2017: Game Recaps
Michael Fulmer pitched at his All-Star level through the first six innings and the Cleveland bullpen could not keep the score tied in the middle innings as the Detroit Tigers dealt the Indians a 5-3 loss to close out the first half of the 2017 regular season schedule.
Sunday’s national broadcast put the Indians and Tigers in the spotlight with an impressive pitching matchup between a pair of All-Stars in Fulmer and Corey Kluber.
Mike Clevinger and the Cleveland bullpen blanked the Detroit Tigers on four hits as the Indians completed their ninth shutout of the season with a 4-0 win on Saturday.
Fans at Progressive Field were treated to an old fashion pitchers’ duel for much of the game as Clevinger and Justin Verlander went toe-to-toe in a rematch of last Sunday’s game at Comerica Park. Verlander looked much more like his former Cy Young self than the pitcher that the Indians had seen in two of his first three outings against them this season, but Clevinger matched him pitch for pitch in another solid start against the Tigers by the young right-hander.
Both pitchers dealt with obstacles on the base paths, but both teams were able to work around potential big innings.
With the way Carlos Carrasco was pitching on Friday night at Progressive Field, he was not going to need too much run support. So, of course, the Cleveland bats put up eleven runs as the Indians destroyed the Detroit Tigers in an 11-2 final.
Carrasco got the help that he did not necessarily need as he fired seven innings of two-run baseball while striking out eleven Tigers hitters to win his fifth straight decision. He improved to 10-3 in his final start of the first half. He pitched with a big lead after a five-run third inning by the Tribe off of Detroit starter Jordan Zimmermann and never looked back.
His effort was also a historic one for the record books as he pulled off the “immaculate inning” in the fifth by striking out the side while needing just nine pitches, becoming just the second pitcher in Cleveland Indians history to accomplish the feat and just the 84th to do so in Major League Baseball history (Justin Masterson was the only Tribe pitcher to do it previously, recording his in 2014).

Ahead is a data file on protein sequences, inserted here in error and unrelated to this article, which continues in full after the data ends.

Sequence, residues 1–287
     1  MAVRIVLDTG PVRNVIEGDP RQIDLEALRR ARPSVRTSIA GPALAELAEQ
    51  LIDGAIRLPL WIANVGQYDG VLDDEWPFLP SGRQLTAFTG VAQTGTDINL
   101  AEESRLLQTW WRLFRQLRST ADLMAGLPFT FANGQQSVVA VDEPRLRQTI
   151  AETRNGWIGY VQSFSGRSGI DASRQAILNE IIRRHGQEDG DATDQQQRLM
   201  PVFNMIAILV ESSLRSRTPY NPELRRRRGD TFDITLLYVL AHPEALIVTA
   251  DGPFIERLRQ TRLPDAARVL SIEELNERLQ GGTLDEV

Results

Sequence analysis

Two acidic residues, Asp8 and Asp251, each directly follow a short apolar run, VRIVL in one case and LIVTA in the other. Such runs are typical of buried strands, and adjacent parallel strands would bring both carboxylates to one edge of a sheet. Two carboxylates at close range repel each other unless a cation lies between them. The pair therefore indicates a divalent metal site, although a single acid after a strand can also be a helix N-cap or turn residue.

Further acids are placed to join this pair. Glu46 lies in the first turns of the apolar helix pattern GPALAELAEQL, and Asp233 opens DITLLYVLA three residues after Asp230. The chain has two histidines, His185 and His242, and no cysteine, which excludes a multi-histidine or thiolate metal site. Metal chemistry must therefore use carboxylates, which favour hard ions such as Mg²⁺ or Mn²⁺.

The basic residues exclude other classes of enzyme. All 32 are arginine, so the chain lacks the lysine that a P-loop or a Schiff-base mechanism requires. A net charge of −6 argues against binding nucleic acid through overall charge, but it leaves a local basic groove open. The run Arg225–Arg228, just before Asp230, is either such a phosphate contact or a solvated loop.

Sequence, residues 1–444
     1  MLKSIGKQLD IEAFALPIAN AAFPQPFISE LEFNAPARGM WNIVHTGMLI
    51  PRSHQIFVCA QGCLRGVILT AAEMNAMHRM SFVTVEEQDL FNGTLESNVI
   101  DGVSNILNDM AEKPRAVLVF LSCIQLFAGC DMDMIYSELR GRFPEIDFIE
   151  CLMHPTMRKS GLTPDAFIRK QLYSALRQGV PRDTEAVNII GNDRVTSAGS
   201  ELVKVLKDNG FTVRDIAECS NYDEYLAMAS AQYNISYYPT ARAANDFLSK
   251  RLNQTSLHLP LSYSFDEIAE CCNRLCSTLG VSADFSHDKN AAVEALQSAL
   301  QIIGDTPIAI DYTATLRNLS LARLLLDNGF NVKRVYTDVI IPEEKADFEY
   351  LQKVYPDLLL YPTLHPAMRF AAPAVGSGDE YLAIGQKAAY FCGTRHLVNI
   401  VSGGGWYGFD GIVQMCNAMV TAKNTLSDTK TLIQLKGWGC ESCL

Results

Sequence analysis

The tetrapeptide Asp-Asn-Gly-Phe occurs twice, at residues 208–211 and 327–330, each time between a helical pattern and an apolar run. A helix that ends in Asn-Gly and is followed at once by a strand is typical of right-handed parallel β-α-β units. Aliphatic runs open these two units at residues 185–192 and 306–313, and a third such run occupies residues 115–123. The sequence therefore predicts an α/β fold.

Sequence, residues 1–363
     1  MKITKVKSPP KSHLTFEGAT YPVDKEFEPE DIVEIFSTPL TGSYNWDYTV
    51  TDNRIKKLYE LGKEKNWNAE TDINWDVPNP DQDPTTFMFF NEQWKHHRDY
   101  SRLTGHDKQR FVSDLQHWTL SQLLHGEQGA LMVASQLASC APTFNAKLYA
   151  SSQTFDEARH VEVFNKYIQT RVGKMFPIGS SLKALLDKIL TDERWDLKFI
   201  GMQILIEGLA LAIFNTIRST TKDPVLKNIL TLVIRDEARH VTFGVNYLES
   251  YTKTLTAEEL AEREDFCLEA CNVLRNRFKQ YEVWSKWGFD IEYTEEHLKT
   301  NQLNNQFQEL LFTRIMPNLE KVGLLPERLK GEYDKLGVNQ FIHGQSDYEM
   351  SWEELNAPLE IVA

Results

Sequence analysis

After a pair of disappointing efforts in the first two games of their interleague series with the San Diego Padres, the Cleveland Indians put together one of their more complete performances of the season in an 11-2 rout of San Diego, avoiding the dreaded three-game sweep in the series finale on Thursday night.
Josh Tomlin was solid in an outing that he desperately needed. The offense was alive, active, aggressive (maybe to a fault), and contributing consistently throughout, one night after scoring just two runs while accumulating 14 hits. The bullpen even chipped in as the Indians improved to 45-39 on the season and remained atop the American League Central Division for another day.
The Cleveland Indians put up 14 hits on Wednesday night but came away with just two runs as they fell 6-2 to the San Diego Padres.
It was more of the same for the Indians, who have found it difficult to win at Progressive Field this season and found defeating National League opponents even more infuriating and impossible to do. Despite giving starter Trevor Bauer (7-7) an early lead to work with, the Indians (44-39) could not protect it and fell to one of the worst teams in baseball in the Padres (36-48) as the inconsistent play from the Indians this season continued in the final days before the All-Star break.
If Corey Kluber is on the mound for the Cleveland Indians, more often than not, the team should come away with a victory. That scenario is much harder to make a reality when the offense goes 0-for-10 with runners in scoring position and strands seven men against the San Diego Padres, as was the case on Tuesday night as the Indians were blanked, 1-0, in front of a sold out crowd at Progressive Field.